• Health and personal safety:  First Aid training is a subtly powerful form of positive empowerment as well as a vital piece of social capital.  There is no peculiar need for trained First Aiders in a masjid, but it is relatively easy to make a case for obtaining a useful First Aid qualification, e.g. that for First Aid At Work.  The cost and benefit of full training (until 2007 it was 4 days full-time every 3 years and I believe it is changing to 2 days every year) does not make it viable for private individuals to pursue alone, but statutory requirements mean that employers finance such courses.  Police forces may be able to provide accredited training directly from their own staff, although, from personal experience which illustrates my point about empowerment, police themselves may defer.  (The specific experience involved a road traffic incident.  I offered my assistance to a small crowd around an injured person, and responding to my distinctively Islamic appearance, was emphatically cold-shouldered.  I then stated I was a qualified first-aider and the change from the gathered people was immediate and total – they all chipped in with explanations of what happened.  The police arrived before the ambulance and whereas I expected to hand-over to them, instead they handed over the first aid kit from their van and left me to guide them with regard to the casualty’s medical needs!)  Aside from first-aid training, other personal safety-related tuition might include steps for safety from attack on the streets; or self-defence techniques; or the range of issues around child-abuse – recognising it and responding to it, and steps required for child protection; or the issues around domestic violence (these are discussed in a different context in the Guide pages).
  • Skills associated with voluntary associations:  The masjid is basically a voluntary association and as such it requires constitutional management and maintenance, especially if it is a registered charity as many are.  Other segments of the voluntary sector may be tapped into as part of a general community integration process, or individuals within the key bodies, principally the police, might be called on for their personal knowledge.  The skills concerned include fund-raising methods, book-keeping and auditing, record-keeping, charitable trust regulations and responsibilities, campaigning and lobbying, etc.  These are mostly ‘soft’ skills, so the practical steps to coaching such skills may have to be developed from scratch and specifically for this sort of audience.  Therefore it could be done under a community relations development umbrella or a police community safety umbrella with a little imaginative accounting.  They could also be developed once and reused elsewhere, with local authority and police networks used as a conduit for them.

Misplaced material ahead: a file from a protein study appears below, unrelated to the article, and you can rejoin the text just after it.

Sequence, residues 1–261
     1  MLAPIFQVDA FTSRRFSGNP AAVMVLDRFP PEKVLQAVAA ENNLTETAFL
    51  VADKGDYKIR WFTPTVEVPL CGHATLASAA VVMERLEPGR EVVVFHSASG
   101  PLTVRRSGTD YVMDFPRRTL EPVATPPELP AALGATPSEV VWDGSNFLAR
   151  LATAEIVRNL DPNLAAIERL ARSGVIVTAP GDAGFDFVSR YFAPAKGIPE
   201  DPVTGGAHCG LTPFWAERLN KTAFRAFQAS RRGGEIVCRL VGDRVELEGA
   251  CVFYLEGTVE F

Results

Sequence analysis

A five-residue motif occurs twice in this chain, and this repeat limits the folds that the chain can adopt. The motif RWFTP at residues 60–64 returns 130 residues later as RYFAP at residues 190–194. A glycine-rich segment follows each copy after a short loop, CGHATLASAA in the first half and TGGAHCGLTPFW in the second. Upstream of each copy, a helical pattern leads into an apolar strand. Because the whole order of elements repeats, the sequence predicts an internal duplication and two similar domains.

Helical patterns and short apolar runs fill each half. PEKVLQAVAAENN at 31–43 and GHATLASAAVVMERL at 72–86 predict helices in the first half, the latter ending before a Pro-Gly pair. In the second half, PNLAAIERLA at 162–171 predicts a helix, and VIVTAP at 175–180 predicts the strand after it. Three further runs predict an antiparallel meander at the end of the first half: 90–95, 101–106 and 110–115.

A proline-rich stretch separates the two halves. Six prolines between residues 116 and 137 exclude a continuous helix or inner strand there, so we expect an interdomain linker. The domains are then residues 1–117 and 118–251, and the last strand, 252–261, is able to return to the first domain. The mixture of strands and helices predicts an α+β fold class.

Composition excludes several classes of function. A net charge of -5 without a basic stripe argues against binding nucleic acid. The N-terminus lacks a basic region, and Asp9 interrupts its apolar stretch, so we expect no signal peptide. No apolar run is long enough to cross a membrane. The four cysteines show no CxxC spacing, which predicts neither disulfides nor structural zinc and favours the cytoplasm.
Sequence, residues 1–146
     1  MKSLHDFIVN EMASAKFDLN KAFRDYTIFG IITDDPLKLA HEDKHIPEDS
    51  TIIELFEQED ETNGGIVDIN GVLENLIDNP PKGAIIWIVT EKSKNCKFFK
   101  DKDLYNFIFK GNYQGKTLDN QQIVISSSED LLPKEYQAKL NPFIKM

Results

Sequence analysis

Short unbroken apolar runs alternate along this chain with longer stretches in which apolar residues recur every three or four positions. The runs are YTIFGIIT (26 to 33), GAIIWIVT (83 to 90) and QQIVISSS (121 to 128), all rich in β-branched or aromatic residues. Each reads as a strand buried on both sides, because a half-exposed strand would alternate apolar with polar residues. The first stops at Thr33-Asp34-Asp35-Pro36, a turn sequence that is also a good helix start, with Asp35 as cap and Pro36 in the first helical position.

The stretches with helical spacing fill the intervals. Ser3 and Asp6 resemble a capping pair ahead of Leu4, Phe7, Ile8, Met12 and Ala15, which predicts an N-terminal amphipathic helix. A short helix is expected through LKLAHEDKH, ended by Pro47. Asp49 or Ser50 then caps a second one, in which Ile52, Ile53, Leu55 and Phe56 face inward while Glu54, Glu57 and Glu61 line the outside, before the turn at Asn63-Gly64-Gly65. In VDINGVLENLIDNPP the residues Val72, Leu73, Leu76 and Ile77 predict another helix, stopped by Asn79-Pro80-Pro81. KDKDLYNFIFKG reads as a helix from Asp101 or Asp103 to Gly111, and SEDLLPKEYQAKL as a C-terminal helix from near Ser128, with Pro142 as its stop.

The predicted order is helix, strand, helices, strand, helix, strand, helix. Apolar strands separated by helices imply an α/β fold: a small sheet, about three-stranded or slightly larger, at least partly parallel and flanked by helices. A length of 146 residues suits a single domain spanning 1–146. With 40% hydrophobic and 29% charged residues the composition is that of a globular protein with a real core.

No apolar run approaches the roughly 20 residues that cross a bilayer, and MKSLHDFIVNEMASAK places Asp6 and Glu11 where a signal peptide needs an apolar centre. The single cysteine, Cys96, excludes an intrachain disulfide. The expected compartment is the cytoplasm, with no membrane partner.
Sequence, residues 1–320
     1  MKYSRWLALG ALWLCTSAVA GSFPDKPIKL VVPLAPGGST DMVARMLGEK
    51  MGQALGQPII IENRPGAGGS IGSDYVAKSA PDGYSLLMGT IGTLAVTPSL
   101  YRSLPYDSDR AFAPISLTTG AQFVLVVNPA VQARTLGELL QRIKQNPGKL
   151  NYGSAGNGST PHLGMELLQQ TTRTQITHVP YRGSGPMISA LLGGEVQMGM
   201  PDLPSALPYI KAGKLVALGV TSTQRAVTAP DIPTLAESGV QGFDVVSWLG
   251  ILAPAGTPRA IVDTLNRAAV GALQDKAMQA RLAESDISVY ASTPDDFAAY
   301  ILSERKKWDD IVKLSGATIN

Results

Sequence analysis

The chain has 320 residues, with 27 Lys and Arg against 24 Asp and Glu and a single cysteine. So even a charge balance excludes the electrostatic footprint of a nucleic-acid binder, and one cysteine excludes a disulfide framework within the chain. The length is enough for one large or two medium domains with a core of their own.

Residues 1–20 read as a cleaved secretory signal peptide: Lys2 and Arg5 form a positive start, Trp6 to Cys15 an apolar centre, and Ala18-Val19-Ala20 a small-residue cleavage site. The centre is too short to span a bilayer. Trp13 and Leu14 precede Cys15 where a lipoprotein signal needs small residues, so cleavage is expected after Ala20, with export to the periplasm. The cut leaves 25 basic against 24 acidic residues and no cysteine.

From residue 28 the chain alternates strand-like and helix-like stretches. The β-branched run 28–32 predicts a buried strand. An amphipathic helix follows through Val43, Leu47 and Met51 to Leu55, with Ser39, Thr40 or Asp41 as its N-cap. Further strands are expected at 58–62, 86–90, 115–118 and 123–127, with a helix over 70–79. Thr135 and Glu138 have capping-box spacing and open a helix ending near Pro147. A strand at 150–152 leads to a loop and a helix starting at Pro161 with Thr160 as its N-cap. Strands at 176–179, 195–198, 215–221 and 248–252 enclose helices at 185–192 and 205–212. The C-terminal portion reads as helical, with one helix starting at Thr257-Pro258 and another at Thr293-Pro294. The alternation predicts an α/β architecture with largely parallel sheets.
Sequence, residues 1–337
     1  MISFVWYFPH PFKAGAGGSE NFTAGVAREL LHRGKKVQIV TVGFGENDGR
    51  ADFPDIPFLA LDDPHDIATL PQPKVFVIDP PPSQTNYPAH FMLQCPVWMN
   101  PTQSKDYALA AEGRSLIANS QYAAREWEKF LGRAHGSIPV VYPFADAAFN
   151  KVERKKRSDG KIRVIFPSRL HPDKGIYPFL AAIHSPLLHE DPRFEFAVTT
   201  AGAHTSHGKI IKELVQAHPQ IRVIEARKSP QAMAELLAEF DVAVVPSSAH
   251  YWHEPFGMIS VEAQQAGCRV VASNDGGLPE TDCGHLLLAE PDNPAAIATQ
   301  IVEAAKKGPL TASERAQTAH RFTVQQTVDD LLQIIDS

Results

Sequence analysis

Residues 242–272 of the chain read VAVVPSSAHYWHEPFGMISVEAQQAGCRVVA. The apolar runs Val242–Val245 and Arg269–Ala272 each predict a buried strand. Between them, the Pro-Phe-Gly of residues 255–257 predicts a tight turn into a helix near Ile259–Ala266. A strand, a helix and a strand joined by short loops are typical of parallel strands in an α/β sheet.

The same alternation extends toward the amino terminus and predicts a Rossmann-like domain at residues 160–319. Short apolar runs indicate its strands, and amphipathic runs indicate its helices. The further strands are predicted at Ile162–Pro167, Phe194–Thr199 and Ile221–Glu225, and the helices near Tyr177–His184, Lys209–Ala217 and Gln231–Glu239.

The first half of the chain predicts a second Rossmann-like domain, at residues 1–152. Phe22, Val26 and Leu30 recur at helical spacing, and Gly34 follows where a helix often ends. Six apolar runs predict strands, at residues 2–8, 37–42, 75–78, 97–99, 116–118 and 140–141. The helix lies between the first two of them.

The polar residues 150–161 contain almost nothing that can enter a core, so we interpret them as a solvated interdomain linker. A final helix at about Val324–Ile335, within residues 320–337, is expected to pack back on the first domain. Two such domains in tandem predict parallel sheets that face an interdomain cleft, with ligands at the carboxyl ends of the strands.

• Local authority regulations and responsibilities:  building controls, planning processes and planning permission; where relevant, trading standards, public health and food retailing standards; if there was sufficient interest, the activities could be extended beyond the ‘skills’ element, into for example public presentations on the work of such people as trading standards and public health inspectors – this relationship could thereby shift from the usual one perceived of as ‘officious busybody’ to one of a valuable public service that thus-wise has the opportunity to co-opt a marginalised (and therefore frequently transgressing)  part of the community into empathy with its goals.
  • Political processes:  Numerous government advisors recommend the patronising approach of schooling in civics (an approach which is also insulting for people coming from the Indian subcontinent where democratic processes are prized far more highly than the apathetic UK, regardless of their serious flaws there, and which includes the largest democratic country in the world, and whose countries have a surprisingly free, outspoken and non-frivolous press).  What is really needed, certainly at the level of community engagement that these activities describe, is for practical mentoring in the processes of political engagement – effective lobbying of councillors and MPs, organisation and divisions of responsibilities among local councillors and local authority employees, explanation of the roles of pressure groups in the UK political process, local political demographics and of course, appropriately qualified, the roles and goals of the locally significant political parties.